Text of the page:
With legislation in 2008, Congress for the first time asked the Food and Drug Administration (FDA) to collect and report to the public the overall sales of antibiotics used in food animals. February 6 marked the release of a third year's worth of data.
Penicillins and tetracyclines sold for animal use increased for the second year in a row. From 11.5 million pounds in 2009, sales rose to 14.4 million pounds in 2011. The two classes of antibiotics remain the most commonly used antibiotics in livestock and poultry, despite their obvious import for treating infections in people as well. In 2011, animal sales accounted for 38 percent of total penicillin sales and 98 percent of total tetracycline sales, including in humans.
Use of antibiotics in animals overall also continues to rise, to 29.9 million pounds in 2011. That compares with at least 7.3 million pounds (according to FDA data, comparing to 7.7 million according to Pew) sold for use in humans. The fact that 3.9 times more antibiotics are used in animals than humans, as this new infographic illustrates from the PEW Charitable Trusts, may shock most Americans.
For 34 years, the FDA considered the routine use of penicillins and tetracyclines in animal feed, for purposes like growth promotion, a public health threat. The agency had moved in 1977 to withdraw its approval for these animal feed products on the grounds that such use had not been shown to be safe for people. That official stance remained on the books until 2011.
IATP produced a recent bibliography listing 147 studies comprising a compelling body of evidence that this routine use antibiotics at nontherapeutic levels in animal feed helps drive an epidemic of expensive, hard-to-treat superbug infections in people, including those coming from a meat supply replete with bacteria resistant to multiple antibiotics.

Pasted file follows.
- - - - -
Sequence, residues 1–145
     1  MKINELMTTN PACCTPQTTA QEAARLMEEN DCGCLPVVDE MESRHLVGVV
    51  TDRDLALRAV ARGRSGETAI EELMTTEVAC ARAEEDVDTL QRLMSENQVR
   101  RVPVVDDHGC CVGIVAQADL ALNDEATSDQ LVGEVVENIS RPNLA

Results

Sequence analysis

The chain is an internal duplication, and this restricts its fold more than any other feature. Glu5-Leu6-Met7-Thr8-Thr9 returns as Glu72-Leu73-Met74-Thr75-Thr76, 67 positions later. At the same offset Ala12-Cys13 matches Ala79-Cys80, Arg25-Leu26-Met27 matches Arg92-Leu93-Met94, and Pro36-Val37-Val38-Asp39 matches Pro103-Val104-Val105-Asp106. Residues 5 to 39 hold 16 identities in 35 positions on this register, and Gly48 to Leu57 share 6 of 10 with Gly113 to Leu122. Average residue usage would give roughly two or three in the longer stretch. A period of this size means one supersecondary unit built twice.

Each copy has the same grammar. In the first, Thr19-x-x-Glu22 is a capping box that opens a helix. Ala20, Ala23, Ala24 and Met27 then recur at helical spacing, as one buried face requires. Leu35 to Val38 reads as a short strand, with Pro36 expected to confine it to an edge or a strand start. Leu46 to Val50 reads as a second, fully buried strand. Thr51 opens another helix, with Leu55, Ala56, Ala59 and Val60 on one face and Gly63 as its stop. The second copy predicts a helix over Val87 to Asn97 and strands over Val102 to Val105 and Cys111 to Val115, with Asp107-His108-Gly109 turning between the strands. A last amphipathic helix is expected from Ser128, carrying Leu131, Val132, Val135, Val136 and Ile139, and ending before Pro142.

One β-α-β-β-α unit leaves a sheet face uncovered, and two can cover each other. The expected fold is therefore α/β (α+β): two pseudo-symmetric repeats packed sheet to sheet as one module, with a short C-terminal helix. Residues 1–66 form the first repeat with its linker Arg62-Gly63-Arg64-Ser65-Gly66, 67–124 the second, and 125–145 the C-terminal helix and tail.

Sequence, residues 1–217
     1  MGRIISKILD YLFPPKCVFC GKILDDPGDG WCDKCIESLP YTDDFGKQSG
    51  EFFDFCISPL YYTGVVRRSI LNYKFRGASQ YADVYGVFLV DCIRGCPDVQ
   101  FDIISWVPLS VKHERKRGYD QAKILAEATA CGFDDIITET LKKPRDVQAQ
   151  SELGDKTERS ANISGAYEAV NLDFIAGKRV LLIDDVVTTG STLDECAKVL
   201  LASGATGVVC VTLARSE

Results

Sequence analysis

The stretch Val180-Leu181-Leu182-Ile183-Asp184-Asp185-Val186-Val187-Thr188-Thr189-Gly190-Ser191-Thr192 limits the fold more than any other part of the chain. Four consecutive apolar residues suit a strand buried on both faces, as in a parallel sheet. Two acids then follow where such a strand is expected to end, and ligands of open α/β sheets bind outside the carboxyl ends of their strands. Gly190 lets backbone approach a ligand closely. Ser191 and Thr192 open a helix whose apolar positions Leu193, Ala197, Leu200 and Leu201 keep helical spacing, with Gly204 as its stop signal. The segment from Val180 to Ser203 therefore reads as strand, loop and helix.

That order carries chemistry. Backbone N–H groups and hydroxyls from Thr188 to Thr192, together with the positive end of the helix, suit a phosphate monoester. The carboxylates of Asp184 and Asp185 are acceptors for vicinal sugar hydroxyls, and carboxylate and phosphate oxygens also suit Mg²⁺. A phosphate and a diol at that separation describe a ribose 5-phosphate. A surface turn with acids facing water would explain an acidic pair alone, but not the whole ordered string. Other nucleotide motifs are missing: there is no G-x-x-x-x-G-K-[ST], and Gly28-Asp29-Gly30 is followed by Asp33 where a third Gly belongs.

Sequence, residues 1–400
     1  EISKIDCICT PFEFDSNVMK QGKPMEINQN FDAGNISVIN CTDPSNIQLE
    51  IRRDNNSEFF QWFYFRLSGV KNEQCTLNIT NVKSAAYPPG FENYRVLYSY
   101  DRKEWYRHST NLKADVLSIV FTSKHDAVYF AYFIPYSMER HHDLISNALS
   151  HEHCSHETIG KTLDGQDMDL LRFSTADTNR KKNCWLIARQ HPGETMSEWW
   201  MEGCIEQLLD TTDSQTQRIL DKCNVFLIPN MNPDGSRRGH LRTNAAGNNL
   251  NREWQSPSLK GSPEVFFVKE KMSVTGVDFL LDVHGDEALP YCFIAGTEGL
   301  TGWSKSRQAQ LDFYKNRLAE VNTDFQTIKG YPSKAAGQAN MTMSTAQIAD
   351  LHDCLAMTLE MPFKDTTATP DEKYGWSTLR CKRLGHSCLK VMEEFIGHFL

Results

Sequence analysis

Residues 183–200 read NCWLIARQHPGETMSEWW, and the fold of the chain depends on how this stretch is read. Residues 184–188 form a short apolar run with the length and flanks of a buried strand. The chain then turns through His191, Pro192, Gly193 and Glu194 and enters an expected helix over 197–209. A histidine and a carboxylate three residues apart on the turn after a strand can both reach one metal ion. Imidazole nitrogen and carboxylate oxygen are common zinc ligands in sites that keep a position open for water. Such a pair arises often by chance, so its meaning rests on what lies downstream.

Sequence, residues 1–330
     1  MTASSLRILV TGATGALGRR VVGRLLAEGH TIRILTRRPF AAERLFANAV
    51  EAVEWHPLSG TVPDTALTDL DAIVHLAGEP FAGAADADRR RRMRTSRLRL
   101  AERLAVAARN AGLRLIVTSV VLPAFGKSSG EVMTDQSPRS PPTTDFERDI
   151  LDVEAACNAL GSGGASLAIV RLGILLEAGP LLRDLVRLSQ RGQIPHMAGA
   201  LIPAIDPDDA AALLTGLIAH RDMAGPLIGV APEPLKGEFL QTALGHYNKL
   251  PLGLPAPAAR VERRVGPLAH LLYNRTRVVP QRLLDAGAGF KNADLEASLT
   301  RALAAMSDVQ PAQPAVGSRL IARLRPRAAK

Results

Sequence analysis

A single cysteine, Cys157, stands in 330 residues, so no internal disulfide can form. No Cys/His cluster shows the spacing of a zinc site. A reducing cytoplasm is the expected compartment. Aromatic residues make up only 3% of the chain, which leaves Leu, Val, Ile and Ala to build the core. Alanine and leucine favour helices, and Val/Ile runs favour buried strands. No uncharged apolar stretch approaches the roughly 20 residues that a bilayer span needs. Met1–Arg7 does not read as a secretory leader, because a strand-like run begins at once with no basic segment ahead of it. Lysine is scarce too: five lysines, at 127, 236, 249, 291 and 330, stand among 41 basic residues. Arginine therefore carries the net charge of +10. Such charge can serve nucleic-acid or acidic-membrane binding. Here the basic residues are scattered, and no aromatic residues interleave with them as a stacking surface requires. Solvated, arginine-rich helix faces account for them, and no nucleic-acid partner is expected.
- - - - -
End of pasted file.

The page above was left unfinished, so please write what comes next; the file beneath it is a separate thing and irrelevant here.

In December 2011, FDA backtracked from its 1977 proposal claiming the move to protect public health by ending addition of penicillins and tetracyclines to animal feed was now outdated. Instead, said FDA, it was changing focus, by asking pharmaceutical companies to voluntarily to reduce the sales of their antibiotic products sold for use in animal feed.
So, if the success of FDA's approach strikes you as unlikely, you're not alone. Along with my partners in Keep Antibiotics Working, I have been quite skeptical of this voluntary approach, but apparently there's been skepticism within the FDA as well.
Last March, a Federal judge ordered the FDA to reverse its decision and withdraw the animal products after all. In effect, the judge said that the stand first taken by the FDA in 1977 had been right. The FDA has appealed the judge's decision.
"In the face of the antibiotic resistance crisis, we cannot afford to be standing still. We need strong action to combat the overuse of antibiotics in animal agriculture," said Steven Roach, Public Health Program Director at Food Animal Concerns Trust (FACT) and a member of Keep Antibiotics Working.
Nothing less will suffice for the public's health. The World Economic Forum recently reported that overuse and misuse of antibiotics has created the real and immediate threat that once easily treatable infections will rage, and be unresponsive to treatment with any existing antibiotics.
As a parent of young children who get bacterial bronchitis, ear infections and skin infections, that keeps me awake at night.
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